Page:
Conservative “provocateur” Milo Yiannopoulos has made a return to the public sphere, working for none other than America’s most controversial congresswoman, Rep. Marjorie Taylor Greene, R-Ga.
Yiannopoulos announced his new unpaid role via Telegram Monday, sharing a photo of his congressional ID badge.
“I’ve finally been persuaded out of retirement,” the former Breitbart editor wrote. “But my skills are a bit rusty, so the best role I could land was an unpaid internship with a friend. Pray for me!”
Following up his announcement with a bit of humor, he added, “Mummy always said I’d end up in government!”
Greene confirmed the news in a statement to The Daily Beast, writing: “So I have an intern that was raped by a priest as a young teen, was gay, has offended everyone at some point, turned his life back to Jesus and Church, and changed his life. Great story!”
Yiannopoulos, who previously enjoyed success as a political commentator and author, has remained mostly out of the public eye since 2017, when he experienced backlash for comments he made regarding sex between minors and adults. Following those controversial remarks, Yiannopoulos resigned his position with Breitbart and was widely de-platformed, losing a book deal with Simon & Schuster, social media accounts, and speaking engagements.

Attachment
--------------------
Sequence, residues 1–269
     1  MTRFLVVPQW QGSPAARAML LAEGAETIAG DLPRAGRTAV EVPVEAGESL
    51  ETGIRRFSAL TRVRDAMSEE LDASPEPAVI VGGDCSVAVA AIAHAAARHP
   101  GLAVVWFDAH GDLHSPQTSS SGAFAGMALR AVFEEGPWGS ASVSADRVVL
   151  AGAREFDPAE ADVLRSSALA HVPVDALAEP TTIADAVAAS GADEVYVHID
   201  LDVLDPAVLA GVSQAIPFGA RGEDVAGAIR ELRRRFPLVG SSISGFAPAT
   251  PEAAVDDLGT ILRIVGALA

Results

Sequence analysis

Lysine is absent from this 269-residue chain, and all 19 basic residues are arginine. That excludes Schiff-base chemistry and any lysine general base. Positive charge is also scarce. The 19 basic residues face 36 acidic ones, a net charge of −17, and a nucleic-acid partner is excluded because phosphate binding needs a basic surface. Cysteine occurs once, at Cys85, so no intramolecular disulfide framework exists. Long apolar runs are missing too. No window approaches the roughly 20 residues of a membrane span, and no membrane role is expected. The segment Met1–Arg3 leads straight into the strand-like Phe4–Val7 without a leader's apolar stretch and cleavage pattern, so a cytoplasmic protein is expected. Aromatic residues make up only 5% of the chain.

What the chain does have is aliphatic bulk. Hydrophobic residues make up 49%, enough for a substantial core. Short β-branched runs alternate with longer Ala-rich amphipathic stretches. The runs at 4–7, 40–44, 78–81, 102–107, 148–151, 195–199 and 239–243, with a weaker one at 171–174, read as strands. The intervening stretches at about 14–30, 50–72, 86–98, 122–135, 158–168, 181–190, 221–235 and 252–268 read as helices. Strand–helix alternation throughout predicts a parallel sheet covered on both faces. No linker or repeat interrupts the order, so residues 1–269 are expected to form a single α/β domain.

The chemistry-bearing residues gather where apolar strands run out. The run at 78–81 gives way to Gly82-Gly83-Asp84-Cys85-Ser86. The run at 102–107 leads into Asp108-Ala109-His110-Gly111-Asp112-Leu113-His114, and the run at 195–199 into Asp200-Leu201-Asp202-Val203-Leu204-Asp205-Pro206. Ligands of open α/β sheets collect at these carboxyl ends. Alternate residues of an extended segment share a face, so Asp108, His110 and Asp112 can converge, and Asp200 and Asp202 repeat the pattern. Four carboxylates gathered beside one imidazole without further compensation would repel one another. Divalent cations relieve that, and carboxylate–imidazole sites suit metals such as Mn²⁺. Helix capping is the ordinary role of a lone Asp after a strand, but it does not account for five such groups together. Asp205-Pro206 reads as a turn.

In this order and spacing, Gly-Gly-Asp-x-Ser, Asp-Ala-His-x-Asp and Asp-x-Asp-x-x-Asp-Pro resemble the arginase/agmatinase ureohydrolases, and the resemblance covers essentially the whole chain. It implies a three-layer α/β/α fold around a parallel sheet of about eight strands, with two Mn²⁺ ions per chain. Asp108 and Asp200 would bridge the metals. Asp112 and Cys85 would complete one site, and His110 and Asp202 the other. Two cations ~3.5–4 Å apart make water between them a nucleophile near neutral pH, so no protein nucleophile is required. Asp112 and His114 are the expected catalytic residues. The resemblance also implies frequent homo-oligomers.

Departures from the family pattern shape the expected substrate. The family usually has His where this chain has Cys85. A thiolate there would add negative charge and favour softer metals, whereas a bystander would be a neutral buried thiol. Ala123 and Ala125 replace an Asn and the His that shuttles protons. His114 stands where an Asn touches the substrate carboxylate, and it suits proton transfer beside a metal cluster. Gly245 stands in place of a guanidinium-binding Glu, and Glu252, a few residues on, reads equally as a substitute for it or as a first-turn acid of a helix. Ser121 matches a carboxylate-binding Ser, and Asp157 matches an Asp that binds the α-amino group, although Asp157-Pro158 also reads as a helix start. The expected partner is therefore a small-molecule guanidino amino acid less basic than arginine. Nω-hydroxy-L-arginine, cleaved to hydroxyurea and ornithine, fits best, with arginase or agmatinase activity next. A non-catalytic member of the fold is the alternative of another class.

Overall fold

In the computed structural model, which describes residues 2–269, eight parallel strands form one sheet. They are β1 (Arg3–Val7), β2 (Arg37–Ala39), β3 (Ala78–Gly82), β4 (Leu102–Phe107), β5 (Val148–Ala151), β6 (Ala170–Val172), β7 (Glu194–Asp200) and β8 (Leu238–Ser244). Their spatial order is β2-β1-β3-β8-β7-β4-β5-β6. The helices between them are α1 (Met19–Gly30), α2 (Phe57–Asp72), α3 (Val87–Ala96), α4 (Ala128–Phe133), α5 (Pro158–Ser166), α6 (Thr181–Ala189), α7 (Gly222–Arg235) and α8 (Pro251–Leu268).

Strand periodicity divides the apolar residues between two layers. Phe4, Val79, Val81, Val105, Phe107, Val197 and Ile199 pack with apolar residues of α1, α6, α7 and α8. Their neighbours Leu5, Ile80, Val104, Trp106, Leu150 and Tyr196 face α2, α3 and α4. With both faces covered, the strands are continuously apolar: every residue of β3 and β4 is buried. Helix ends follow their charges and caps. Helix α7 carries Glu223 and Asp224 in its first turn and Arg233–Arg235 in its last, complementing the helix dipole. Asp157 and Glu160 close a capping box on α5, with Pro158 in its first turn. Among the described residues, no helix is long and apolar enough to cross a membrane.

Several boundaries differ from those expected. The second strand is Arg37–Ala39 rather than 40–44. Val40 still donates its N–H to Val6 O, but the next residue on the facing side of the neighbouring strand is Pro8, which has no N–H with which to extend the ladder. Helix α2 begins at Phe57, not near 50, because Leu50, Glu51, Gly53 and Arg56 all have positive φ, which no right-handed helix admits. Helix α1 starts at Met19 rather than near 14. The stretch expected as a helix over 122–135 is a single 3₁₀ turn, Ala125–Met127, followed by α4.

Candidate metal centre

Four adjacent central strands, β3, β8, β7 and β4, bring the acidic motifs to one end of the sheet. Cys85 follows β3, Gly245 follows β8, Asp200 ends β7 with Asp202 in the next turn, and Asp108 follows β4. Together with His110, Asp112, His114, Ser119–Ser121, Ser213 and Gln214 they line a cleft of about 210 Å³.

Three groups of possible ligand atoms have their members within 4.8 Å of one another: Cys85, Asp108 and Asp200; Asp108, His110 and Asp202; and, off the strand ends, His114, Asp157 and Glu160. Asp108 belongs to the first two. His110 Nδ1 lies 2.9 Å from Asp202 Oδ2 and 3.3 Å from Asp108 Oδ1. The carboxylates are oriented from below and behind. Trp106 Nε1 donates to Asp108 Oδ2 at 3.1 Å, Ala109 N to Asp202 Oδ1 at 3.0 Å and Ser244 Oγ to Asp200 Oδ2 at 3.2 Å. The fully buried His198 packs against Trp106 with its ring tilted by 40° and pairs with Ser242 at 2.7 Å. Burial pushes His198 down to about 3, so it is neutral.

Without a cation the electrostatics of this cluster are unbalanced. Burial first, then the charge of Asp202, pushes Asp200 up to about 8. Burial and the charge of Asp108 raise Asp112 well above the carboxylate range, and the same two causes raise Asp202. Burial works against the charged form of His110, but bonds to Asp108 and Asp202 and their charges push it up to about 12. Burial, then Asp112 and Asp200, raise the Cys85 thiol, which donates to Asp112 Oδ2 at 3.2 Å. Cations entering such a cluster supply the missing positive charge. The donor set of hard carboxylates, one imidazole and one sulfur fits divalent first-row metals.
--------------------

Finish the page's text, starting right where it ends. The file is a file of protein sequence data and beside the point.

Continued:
The former countercultural icon, who previously identified as gay, also made waves last year when he publicly renounced his former lifestyle, reaffirmed his Roman Catholic faith and announced plans to open a conversion therapy center in Florida, according to the New York Post.
Greene, for her part, has been outspoken in her opposition to the exposure of children to sexual content.
“It should be illegal to take children into Drag Queen shows and strip clubs,” the Georgia representative tweeted Sunday. “And there should be no federal funding for any school that intentionally confuses children about gender/sexuality. Any teacher or school employee caught doing so should be fired and lose all benefits.”
According to The Hill, Yiannopoulos has been present at several of Greene’s public appearances lately, including a press conference in April where the congresswoman announced legislation to repeal Section 230, which protects online publishing platforms from liability.
During that press conference, Greene reportedly said she would like to hold a roundtable for those who had been “unjustly banned from Twitter” and that she would invite Yiannopoulos to participate in that event.
Now, thanks to his new role, the canceled conservative may very well have an opportunity to take part in such conversations going forward.